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Sunday, July 19, 2009

Arundhati Roy, War Crimes in Afgahnistan, Ranjit Devraj, M J Akbar,

The year before its second nuclear tests, the world's largest democracy hurled a bomb onto the international stage. At first, people didn't realize it was a bomb. It was tiny, looked harmless and took a while to explode. But explode it did and the world's largest democracy is still reeling. Or perhaps we should say "democracy". Perhaps, in fact, we should say "heavily sponsored, TV-friendly spectator sport". The bomb, of course, was Arundhati Roy, the fragile-looking beauty from Kerala whose whimsical tale of two-egg twins and pickles, literal and metaphorical, bagged the Booker and set the world on fire. For India, this was confirmation that theirs was a land rich in saleable exports: photogenic, charming and home-grown. No hooded eyes or fatwas here; no unseemly flight to London or New York. Here was glamor, here was grace, here was huge-eyed modesty in a sari. This was the face of the new India: sophisticated, educated, funny and -- did we mention this? - drop-dead gorgeous. Interview with Arundhati Roy: 'We Need a Feral Howl'

Physicians for Human Rights (PHR) demonstrated in a more than impressive way this week how science and technology can advance the cause of human rights. Using forensic analysis and satellite imagery, they did an excellent job in documenting a war crime -- and the subsequent U.S. supported cover-up -- in Afghanistan, where in the wake of the U.S. led invasion in 2001 hundreds of prisoners of war were killed by a U.S. backed warlord and dumped in a mass grave in Dasht-e-Leili. Check out this must see video: War Crimes in Afghanistan, Or: What You Don't Learn in Science Class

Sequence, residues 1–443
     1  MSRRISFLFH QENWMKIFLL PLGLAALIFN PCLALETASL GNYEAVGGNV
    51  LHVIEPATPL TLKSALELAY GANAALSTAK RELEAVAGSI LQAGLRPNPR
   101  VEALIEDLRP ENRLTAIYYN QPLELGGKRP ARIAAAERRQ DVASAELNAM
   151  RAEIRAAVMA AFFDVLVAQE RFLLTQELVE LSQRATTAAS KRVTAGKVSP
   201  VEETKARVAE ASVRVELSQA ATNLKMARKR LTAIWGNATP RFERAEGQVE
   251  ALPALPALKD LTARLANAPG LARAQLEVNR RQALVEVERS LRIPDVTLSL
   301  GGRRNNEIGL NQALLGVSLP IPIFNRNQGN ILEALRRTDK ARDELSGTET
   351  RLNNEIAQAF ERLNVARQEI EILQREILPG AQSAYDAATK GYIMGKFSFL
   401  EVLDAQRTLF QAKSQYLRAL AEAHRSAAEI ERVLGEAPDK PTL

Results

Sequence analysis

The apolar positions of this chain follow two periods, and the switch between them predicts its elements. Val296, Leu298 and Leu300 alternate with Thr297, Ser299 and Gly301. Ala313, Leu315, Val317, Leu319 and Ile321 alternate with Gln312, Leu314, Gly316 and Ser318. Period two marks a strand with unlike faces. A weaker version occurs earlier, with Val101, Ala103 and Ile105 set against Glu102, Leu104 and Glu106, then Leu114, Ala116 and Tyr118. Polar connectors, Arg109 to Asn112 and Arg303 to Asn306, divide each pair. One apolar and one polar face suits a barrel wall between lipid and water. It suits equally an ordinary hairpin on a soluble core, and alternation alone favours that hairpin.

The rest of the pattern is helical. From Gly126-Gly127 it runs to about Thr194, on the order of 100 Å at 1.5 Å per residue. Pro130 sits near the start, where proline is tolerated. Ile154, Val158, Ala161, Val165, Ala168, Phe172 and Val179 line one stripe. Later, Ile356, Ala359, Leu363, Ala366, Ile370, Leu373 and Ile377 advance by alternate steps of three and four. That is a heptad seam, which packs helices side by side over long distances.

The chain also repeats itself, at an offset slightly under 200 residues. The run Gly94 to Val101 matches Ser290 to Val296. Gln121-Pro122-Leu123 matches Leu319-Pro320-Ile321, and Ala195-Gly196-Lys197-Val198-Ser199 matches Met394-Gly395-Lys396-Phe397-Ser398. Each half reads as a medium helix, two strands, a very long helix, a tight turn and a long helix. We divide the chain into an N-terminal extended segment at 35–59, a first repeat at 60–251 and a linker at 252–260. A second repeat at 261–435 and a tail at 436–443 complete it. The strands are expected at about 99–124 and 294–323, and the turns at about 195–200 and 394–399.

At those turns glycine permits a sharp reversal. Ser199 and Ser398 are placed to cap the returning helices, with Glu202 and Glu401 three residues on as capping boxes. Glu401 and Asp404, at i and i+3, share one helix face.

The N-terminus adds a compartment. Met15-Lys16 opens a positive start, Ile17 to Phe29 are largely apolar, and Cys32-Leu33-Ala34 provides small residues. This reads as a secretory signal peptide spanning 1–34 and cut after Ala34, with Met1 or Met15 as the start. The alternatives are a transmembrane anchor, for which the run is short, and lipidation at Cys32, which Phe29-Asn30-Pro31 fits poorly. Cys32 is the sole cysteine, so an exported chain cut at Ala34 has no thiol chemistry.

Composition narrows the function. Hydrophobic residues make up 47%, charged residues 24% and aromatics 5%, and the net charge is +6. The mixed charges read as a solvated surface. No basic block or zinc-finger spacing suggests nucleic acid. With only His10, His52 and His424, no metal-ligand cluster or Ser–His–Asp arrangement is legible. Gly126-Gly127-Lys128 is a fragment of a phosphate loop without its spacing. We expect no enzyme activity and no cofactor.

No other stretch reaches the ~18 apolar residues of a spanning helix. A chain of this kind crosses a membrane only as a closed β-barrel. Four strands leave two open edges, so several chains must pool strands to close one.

Will the destructive center kill health care reform? It looks all too possible.
What’s especially galling is the hypocrisy of their claimed reason for delaying progress — concern about the fiscal burden. After all, in the past most of them have shown no concern at all for the nation’s long-term fiscal outlook. Case in point: the Medicare Modernization Act of 2003, which denied Medicare the right to bargain for lower drug prices, locked in overpayments to private insurance companies, and did nothing, nothing at all, to pay for its proposed outlays. How many of these six self-proclaimed defenders of solvency voted no on the crucial procedural vote? One. (Joe Lieberman, to my surprise.) The six deadly hypocrites

A Fresh Approach to PeaceBy Ranjit DevrajNEW DELHI, Jul 17 (IPS) - If the leaders of India and Pakistan were looking for out-of-the-box solutions to their long-standing dispute over Kashmir and the related issue of cross-border terrorism, they could hardly have done better than the joint statement they released this week after their meeting at the Egyptian resort of Sharm el-Sheikh. INDIA/PAKISTAN: A Fresh Approach to PeaceBy Ranjit Devraj

One sentence in the joint declaration issued by Dr Manmohan Singh and Yousaf Raza Gilani is going to hover over the future relationship: “Action on terrorism should not be linked to the Composite Dialogue process and these should not be bracketed.” You do not need a dictionary to decipher its meaning. This absolves present and future governments of Pakistan from any guilt in cross-border terrorism, a scourge India has to face for decades. It is a commitment that governments should continue the process of dialogue no matter how much havoc a terrorist group from Pakistan creates in India. If this principle had been in operation last year, India and Pakistan could have continued their Composite Dialogue in December after the savage Mumbai terrorism in November. Curiously, the joint statement includes a reference to Balochistan, lending implicit credence to Pakistan’s accusation that India is behind its troubles in Balochistan. If this were not the case, why mention Balochistan in an India-Pakistan statement? We did not make any effort to include the Naxalite violence in the statement, did we?India may have gone to Sharm-el-Sheikh as the victim of terrorism, and returned as the accused. M J Akbar A statement out of joint


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